Results

Originally, 136 patients presented with HCC during the study period. Figure 2 illustrates their distribution according to their initial transplant criteria for HCC and whether they received LT directly or after downstaging.

Between August 2006 and December 2019, 73 patients underwent LT at our center for presence of HCC within MC. Table 2 shows the pretransplant variables for these patients. Follow-up ranged from 24.3 to 149.9 months with a mean of 45.98 ± 33.3 months. The overall 5-year patient survival, graft survival, and tumor-free survival rates were 78.6%, 90.1%, and 86.3%, respectively (Figure 3).

As shown in Table 3, most of our patients (73.1%) had RETREAT scores of ?2 points. Incidence of rHCC exclusively occurred in patients with RETREAT scores of 3 or more points. The incidence of rHCC increased from 0% in those with ?2 points to 30.8% in those with 3 to 5 points and to 66.7% in those who had more than 5 points. The RETREAT score predicted the occurrence of rHCC in our patients and correlated significantly with its occurrence (P < .001).

Discussion

When available, LT offers the best chance for cure for HCC patients within MC. Our data showed an excellent LT outcome for HCC patients within MC. We found that the incidence of rHCC was 8.2% in HCC patients within MC and treated with LT at our center. Recurrent HCC has been previously shown to occur in up to 15% of patients within MC. This marginally lower overall survival may be due to patients having HCC versus those transplanted without HCC.5,6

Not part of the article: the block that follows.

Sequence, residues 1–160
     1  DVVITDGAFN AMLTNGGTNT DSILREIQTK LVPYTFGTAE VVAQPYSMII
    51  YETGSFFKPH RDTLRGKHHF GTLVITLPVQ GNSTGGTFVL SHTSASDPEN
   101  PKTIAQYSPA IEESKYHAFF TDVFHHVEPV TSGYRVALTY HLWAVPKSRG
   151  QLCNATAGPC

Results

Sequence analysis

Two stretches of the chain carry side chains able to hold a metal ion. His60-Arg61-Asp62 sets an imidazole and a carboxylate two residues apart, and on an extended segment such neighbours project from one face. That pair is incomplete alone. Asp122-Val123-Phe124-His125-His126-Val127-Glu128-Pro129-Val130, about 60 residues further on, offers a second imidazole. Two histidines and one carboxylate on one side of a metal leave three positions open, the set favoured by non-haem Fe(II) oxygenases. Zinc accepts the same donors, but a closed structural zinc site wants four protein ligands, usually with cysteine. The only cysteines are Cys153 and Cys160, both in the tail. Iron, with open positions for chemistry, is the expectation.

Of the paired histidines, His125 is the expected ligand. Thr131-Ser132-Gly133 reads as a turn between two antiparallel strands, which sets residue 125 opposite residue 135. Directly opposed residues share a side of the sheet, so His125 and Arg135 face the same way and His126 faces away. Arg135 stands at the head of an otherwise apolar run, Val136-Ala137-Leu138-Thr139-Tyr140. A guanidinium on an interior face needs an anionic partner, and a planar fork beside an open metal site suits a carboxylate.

Furthermore, patients who are beyond the MC and receive transplants have been shown to have com-parable long-term outcomes versus those within MC.11 In other words, MC and other morphologically based criteria represent one of many aspects contributing to the ever-pursued excellent post-LT outcomes.10,12

Aspects affecting outcomes include biological tumor variables (namely, microvascular invasion and poor tumor differentiation). Tumor response to downstaging with locoregional treatment (LRT) has also been frequently quoted as a marker for tumor biology, especially in patients who require downstaging to LRT before LT.13-15 Unfortunately, these variables are dichotomous; when viewed alone, each variable roughly predicts tumor recurrence following LT.10 Until the introduction of the RETREAT score, a validated prognostic scoring system for HCC recurrence has been lacking.10 More studies are required to evaluate the power of the RETREAT score in predicting rHCC in patients transplanted beyond MC with or without downstaging to LRT.